Volatility

January 23, 2016

Monsanto Seed Report

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Here’s a Monsanto seed mini-report. I looked at five Monsanto companies: Lewis Hybrids, Kruger Seeds, Specialty Hybrids, Stewart Seeds, Stone Seed. The websites are now completely standardized.
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The results were pretty much the same for all five, and similar to 2014 and 2015. Each has an information page about Roundup Ready Xtend soybeans (glyphosate and dicamba-tolerant) but says those aren’t yet available pending further regulatory approval. But they’re expected to become available for 2016. For maize, SmartStax (eight transgenes, six expressing eight Bt poisons plus Roundup Ready and the pat glufosinate-tolerance trait – that’s ten GMO-affiliated poisons total loading up your corn, plus neonics, atrazine, fungicides, sprayed insecticides, god knows what else) has the most varieties followed by DoublePro (Roundup Ready plus two anti-borer Bt toxins), with four of the five sellers having considerably fewer TriplePro (same as DoublePro plus an anti-rootworm toxin). Makes sense. If you’re going to take on rootworm “insurance”, as farmers often convince themselves to see it, might as well go for SmartStax which has Dow’s Cry34/35AB1, the only rootworm toxin which was still working semi-reliably last I heard. All DroughtGard varieties are DoublePro. The number available ranged from one to five. Each had a handful of Roundup Ready 2 (RR2) corn varieties. Available non-GM conventional ranged from zero to three varieties. All soybeans are Roundup Ready 2 Yield (RR2Y) except for two sellers who carried one conventional variety each.
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4 Comments

  1. Hi Russ,

    Thanks for investigating and reporting on Monsanto’s seeds.
    I wanted to let you know that I recently re-read First the Seed. I got the second edition. It made me thankful that I long ago gave away my copy of the first edition, because the second edition contains a lot of interesting new information about developments that happened after the first edition’s publication in 1988.
    I very much hope Kloppenburg writes a third edition providing an update on developments that have happened since the second edition came out in 2004..
    Thanks also for the link to Gated Development in an earlier post. Another important recent publication is Philanthropic Power and Development: Who Shapes the Agenda? by Jens Martens and Karolin Seitz.
    https://www.brot-fuer-die-welt.de/fileadmin/mediapool/2_Downloads/Fachinformationen/Sonstiges/study_philanthropic_power_and_development.pdf
    And there’s also Linsey McGoey’s No Such Thing as a Free Gift: The Gates Foundation and the Price of Philanthropy.
    http://www.amazon.com/Such-Thing-Free-Gift-Philanthropy/dp/1784780839/ref=sr_1_1?ie=UTF8&qid=1453604087&sr=8-1&keywords=gates+foundation
    What the foundation is doing to Africa’s agriculture is horrible. India’s farmers are only beginning to recover from the green revolution. The Gates Foundation should have examined the recovery strategies of India’s farmers and learned from their experience, rather than subjecting Africa’s farmers to something that will surely be worse than India’s green revolution.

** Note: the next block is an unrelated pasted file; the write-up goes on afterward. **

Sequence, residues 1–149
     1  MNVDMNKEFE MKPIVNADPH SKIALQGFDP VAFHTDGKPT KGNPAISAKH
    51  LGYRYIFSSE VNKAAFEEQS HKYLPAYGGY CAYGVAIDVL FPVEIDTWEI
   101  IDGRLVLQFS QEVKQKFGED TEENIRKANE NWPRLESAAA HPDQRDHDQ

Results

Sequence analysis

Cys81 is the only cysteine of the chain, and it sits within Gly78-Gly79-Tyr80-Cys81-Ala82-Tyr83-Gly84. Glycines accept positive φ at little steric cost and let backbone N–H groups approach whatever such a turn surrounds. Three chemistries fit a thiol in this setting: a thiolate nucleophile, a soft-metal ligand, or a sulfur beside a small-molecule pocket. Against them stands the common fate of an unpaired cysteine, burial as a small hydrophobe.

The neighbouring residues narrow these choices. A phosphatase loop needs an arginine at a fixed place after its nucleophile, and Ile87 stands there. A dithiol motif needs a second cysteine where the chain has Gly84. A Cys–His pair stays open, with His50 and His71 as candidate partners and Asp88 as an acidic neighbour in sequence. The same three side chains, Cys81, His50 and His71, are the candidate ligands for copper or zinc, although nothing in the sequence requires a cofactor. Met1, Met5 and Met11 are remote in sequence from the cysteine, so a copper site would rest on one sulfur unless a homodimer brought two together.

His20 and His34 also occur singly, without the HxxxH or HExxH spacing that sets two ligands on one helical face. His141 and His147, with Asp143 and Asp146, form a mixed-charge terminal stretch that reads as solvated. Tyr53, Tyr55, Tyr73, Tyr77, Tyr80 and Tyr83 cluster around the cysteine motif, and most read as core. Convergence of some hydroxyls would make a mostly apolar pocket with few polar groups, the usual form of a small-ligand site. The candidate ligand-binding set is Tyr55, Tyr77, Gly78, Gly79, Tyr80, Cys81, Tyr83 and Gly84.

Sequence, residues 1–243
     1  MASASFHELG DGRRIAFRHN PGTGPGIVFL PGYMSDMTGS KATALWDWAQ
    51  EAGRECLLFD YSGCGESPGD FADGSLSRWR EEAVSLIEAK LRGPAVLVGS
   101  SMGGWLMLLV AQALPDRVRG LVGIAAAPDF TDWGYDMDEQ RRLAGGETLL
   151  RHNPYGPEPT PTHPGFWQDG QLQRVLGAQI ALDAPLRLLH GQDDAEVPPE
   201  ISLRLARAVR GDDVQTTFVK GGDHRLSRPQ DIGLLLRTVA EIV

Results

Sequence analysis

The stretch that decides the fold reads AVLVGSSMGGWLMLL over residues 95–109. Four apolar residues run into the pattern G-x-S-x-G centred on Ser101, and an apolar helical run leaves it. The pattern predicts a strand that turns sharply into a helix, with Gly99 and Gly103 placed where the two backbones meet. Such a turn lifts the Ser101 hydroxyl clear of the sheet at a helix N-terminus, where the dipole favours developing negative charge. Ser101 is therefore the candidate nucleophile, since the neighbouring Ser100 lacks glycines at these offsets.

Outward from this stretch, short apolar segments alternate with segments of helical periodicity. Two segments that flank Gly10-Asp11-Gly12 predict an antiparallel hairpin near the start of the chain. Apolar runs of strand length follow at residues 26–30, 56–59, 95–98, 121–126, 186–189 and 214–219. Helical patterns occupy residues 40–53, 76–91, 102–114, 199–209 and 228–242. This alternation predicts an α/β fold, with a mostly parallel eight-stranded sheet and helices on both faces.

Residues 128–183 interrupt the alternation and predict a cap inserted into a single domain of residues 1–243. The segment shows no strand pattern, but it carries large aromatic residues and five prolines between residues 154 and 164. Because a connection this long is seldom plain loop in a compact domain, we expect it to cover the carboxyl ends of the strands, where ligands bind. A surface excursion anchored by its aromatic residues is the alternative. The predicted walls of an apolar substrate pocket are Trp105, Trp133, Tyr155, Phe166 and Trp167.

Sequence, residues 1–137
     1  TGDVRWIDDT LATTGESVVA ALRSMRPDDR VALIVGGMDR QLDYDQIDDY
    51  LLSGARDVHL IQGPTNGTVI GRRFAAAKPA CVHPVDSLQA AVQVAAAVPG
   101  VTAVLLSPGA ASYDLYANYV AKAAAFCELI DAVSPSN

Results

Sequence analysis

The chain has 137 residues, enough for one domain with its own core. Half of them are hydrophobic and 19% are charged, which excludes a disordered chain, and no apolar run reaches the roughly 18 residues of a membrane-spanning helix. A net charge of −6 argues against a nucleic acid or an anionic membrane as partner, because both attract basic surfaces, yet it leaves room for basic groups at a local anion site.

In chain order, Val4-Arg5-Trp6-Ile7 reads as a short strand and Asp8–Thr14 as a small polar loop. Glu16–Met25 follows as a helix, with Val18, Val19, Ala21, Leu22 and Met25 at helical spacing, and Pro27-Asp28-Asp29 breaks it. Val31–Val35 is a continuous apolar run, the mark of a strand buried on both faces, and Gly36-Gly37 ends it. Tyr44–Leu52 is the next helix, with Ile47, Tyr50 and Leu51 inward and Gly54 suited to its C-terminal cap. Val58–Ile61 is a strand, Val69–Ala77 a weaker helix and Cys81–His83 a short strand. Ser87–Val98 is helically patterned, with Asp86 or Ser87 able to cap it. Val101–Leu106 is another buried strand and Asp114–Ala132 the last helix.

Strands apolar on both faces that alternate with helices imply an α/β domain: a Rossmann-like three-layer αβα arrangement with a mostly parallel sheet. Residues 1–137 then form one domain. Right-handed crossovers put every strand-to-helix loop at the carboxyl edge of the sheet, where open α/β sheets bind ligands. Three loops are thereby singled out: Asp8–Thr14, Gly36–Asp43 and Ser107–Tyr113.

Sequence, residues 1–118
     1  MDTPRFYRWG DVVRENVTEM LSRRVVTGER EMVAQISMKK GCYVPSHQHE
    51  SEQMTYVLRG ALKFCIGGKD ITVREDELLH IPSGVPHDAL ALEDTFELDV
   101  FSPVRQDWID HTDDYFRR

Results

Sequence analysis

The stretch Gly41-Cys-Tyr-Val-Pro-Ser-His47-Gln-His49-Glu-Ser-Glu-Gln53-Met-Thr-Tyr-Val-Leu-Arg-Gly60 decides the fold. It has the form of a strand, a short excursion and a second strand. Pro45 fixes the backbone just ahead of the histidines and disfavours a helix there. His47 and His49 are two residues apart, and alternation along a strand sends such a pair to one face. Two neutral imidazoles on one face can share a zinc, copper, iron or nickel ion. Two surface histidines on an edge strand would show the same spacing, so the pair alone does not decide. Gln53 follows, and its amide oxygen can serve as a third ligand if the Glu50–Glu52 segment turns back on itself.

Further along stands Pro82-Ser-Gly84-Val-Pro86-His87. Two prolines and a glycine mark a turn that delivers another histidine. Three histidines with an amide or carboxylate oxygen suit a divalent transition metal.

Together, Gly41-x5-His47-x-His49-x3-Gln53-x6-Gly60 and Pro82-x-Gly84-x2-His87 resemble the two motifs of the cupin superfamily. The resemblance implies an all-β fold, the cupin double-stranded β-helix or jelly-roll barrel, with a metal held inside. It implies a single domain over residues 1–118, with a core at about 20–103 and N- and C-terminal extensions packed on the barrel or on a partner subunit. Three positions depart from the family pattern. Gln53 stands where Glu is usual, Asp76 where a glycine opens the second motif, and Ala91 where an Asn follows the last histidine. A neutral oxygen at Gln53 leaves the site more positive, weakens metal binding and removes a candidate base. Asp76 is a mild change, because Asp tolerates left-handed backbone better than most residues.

Comment by Brooks Anderson — January 23, 2016 @ 10:18 pm

    • Yes, if Gates and the corporations wanted to help the people they’d certainly be doing things very differently. But then they’re really not trying to help anyone but rather to politically dominate and economically destroy them, since corporate power requires those outcomes.

      My copy of Kloppenburg is the second edition, and it would be great to have a third. Have you heard anywhere that he’s preparing one? I’ve been seeing him involved in the Open Source Seed Initiative and other attempts to find alternatives to patent-based “intellectual property”.

      I thought of you when I read about Sikkim. What do you think of this account?

      http://thelogicalindian.com/story-feed/get-inspired/sikkim-goes-fully-organic-5-ways-the-state-has-made-things-work/

      If that’s what’s really happening, it’s excellent proof of principle. The exact same thing can be done on the vastest scale, and eventually the global scale.

      Comment by Russ — January 24, 2016 @ 3:57 am

      • I told Jack that it would be great if he comes out with a third edition, but he didn’t indicate that this might happen. He’s very active with the OSSI, including some work with groups in India. Unfortunately, he visited India last summer just when I was visiting my folks in the US, so we missed each other.
        I hadn’t heard about Sikkim going fully organic. That’s tremendous. Thanks very much for the article. But I do know that organic farming is spreading quite steadily among farmers. Last year, a friend attended a huge organic farming convention in Chandigarh. The large attendance shocked the convention’s organizers.
        For such change to happen on the scale of a whole state, there must be very progressive, enlightened leaders. I don’t know of other Indian states where such progressive leadership exists, with the possible exception of Kerala.

        Comment by Brooks Anderson — January 24, 2016 @ 5:18 am

      • You’re welcome for the article. It sure sounds tremendous. I’m glad to hear the organic/agroecology movement is inexorably growing. I need to learn a lot more about the organizations myself – the farmer unions, civil society and seed distribution groups, etc. I don’t know about the details in Kerala.

        I haven’t looked at the OSSI in awhile. Time to go see what they have planned for 2016.

        Comment by Russ — January 24, 2016 @ 5:04 pm


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